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Re: Twin Engine Deck Based Fighter (TEDBF): News & Discussion

Postby Kartik » 14 Jan 2020 08:05

Rakesh wrote:
Kartik wrote:Someone monitor Surendra Ahuja's twitter to see if there is any reaction to this feat. With Navy Spokesperson clearly mentioning development of a twin engine Deck Based Fighter, Boeing India will not be happy.

Kartik, I am replying to your post in this thread.

I just checked Boeing India's twitter feed. Nothing as of yet. Perhaps in the next couple of days, a tweet may come along. But you are right. This is going to cause a lot of takleef to Boeing India....just like to the ones who advocate F-18 and F-21 for India on BRF :)

And Kartik...on an unrelated note, check this out ----> viewtopic.php?f=2&t=3986&p=2406487#p2406487


I actually saw his Tweet in response to the first arrested landing.

Twitter link
Congratulations, Mao! Very happy for you!


As if this was all about Cmde Maolankar doing it for his own glory. I found it in bad taste. Nothing on what it means for India's aerospace industry, or for the Indian Navy in general. There isn't a single word of praise for the program or what it has achieved for India.

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Re: Twin Engine Deck Based Fighter (TEDBF): News & Discussion

Postby Thakur_B » 14 Jan 2020 08:10

I honestly find the TEDBF timelines to be a pipe dream. 6 years is way too less.

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Re: Twin Engine Deck Based Fighter (TEDBF): News & Discussion

Postby Kartik » 14 Jan 2020 08:26

6 years to first flight, not service entry for TEDBF. Eminently doable, provided the right amount of funding and political backing is always present. If one hand is tied behind their backs with constant difficulties with requisitioning equipment due to funding, then you'll see delays.

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Re: Twin Engine Deck Based Fighter (TEDBF): News & Discussion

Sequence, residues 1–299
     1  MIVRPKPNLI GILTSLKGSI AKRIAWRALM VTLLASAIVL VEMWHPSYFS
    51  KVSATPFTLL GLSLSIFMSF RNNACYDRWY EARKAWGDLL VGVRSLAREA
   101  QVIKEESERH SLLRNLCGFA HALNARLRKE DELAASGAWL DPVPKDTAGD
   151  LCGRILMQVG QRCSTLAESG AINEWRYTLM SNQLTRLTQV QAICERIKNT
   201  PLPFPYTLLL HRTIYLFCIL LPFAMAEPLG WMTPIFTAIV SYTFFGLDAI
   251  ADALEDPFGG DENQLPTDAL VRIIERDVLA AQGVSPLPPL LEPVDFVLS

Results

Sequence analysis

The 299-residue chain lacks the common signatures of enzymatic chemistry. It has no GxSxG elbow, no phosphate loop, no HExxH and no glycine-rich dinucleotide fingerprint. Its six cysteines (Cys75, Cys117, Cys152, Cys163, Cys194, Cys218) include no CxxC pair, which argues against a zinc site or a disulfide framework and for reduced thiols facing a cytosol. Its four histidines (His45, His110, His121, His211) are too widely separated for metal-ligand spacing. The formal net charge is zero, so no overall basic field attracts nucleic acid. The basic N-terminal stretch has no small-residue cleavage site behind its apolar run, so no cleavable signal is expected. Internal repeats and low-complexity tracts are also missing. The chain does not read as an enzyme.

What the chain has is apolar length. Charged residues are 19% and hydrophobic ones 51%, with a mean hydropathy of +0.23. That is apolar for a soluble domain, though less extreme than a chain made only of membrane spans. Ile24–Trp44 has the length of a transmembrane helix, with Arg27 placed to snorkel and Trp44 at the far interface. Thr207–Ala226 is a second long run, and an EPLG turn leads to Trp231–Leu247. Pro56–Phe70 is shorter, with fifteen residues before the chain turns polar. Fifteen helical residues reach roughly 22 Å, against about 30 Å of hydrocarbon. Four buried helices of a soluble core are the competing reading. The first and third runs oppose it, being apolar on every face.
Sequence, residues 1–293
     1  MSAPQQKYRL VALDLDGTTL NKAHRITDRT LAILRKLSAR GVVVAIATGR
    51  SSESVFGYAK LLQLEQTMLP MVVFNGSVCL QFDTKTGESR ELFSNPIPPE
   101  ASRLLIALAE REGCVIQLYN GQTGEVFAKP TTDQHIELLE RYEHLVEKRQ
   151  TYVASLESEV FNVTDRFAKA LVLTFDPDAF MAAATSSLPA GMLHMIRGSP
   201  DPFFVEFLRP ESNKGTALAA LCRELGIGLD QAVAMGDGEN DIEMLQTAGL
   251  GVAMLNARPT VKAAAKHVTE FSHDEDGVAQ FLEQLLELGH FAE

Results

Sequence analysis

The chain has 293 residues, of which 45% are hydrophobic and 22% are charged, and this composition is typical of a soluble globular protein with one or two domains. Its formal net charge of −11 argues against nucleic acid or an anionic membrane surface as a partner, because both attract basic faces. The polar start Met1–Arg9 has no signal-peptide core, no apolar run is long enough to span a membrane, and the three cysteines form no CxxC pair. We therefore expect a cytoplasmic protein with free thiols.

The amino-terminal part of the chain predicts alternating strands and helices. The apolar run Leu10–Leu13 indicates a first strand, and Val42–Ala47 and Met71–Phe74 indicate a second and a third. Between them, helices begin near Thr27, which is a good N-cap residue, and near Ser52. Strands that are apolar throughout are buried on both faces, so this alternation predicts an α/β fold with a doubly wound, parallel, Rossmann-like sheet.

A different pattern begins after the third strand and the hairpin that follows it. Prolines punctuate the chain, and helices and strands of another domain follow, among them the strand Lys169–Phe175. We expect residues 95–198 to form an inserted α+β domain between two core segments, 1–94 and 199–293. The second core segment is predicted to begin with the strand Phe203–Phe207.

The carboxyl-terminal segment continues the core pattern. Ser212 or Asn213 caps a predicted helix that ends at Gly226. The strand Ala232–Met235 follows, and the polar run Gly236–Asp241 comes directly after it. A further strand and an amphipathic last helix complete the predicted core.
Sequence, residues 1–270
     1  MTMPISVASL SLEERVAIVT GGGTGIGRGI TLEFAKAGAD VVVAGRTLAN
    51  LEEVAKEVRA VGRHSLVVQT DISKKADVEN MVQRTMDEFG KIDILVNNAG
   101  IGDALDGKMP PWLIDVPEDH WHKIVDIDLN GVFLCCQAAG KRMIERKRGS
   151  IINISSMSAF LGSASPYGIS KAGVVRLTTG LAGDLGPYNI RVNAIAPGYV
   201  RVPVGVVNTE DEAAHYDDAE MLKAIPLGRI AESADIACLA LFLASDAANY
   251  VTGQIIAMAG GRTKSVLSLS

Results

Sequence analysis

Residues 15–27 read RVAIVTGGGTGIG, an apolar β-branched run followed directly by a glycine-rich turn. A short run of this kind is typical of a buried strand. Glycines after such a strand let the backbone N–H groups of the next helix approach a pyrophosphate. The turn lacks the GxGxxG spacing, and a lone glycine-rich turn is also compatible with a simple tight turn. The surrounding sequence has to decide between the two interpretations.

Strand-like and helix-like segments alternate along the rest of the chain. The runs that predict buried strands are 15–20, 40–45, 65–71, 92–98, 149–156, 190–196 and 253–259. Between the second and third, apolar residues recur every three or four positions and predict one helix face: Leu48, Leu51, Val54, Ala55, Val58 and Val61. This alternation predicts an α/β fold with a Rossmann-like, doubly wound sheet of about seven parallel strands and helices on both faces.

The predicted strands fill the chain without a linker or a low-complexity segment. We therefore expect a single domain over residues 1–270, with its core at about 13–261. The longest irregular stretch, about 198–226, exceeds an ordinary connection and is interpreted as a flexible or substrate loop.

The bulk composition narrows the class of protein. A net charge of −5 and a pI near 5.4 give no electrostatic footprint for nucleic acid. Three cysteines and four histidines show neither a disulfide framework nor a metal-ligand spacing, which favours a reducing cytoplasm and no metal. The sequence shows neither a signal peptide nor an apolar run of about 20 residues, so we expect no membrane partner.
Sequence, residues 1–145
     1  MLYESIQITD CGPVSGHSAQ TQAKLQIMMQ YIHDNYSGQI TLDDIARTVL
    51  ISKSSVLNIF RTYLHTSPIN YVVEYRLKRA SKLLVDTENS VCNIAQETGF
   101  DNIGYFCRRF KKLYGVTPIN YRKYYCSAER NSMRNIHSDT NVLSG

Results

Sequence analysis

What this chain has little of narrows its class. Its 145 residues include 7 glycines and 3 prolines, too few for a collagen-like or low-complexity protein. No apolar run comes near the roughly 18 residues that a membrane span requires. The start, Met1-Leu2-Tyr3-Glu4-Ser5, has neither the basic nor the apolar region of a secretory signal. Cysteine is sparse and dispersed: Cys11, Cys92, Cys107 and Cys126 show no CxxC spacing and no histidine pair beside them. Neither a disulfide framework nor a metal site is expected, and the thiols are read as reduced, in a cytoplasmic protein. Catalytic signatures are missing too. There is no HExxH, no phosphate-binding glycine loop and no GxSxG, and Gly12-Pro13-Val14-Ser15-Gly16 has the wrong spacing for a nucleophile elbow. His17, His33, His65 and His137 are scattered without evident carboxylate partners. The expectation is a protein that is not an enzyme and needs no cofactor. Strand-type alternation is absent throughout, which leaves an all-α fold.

Postby rajsunder » 14 Jan 2020 10:29

Thakur_B wrote:I honestly find the TEDBF timelines to be a pipe dream. 6 years is way too less.

From the Hushkit Article, things that need to be re-engineered on LCA to convert into TEDBF

1) substantial structural redesign of the fuselage
We have more experience than what we had when LCA program was started and I am sure the HAL/ADA has learnt a lot from their mistakes. This i believe from the little knowledge that i have to be the most time consuming part of the conversion program
2) Improving the landing gear
This should be the easiest of all the activities
3) Fix the aerodynamics for using Canards instead of LEVCONS and reprogram the control laws for twin engine configuration.
We are already doing this for MWF. How much tough it would be repeat it again for TEDBF?
4) Platform specific weapons integration, carriage and release, other than the ones being developed for MWF
It is the first 3 that has to be done in 6 years and this will be done once the TEDBF takes its first flight.

I think we should work with private firms through each and every step of the way of this conversion so that HAL/ADA can outsource work when needed for AMCA.
Last edited by rajsunder on 14 Jan 2020 11:42, edited 2 times in total.

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Re: Twin Engine Deck Based Fighter (TEDBF): News & Discussion

Postby nits » 14 Jan 2020 10:37

So now we following home grown programs:
    Tejas
    Naval Tejas
    AMCA
    TEDBF

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Re: Twin Engine Deck Based Fighter (TEDBF): News & Discussion

Postby sanjaykumar » 14 Jan 2020 10:39

Congrats on the carrier landing- it’s the cat’s Mao.

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Re: Twin Engine Deck Based Fighter (TEDBF): News & Discussion

Postby Jay » 14 Jan 2020 12:26

I am a little skeptical in this TEDBF. At this point it looks like "vaporware" firmly in the grasp of fiction. All we have is one version of fan art and that single picture is generating so much noise. Just looking back at how LCA-NLCA is being handled at the program level, and how labs are gearing for AMCA, to me this TEDBF looks and sounds like another version of "rakshaks, build your own fighter" mental exercise. Has there been even one official confirmation of the existence of this TEDBF program?

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Re: Twin Engine Deck Based Fighter (TEDBF): News & Discussion

Postby Kakarat » 14 Jan 2020 13:15

Jay wrote:I am a little skeptical in this TEDBF. At this point it looks like "vaporware" firmly in the grasp of fiction. All we have is one version of fan art and that single picture is generating so much noise. Just looking back at how LCA-NLCA is being handled at the program level, and how labs are gearing for AMCA, to me this TEDBF looks and sounds like another version of "rakshaks, build your own fighter" mental exercise. Has there been even one official confirmation of the existence of this TEDBF program?


https://twitter.com/indiannavy/status/1 ... 8485013504
With this feat, the indigenously developed niche technologies specific to deck based fighter operations have been proven, which will now pave the way to develop and manufacture the Twin Engine Deck Based Fighter for the Indian Navy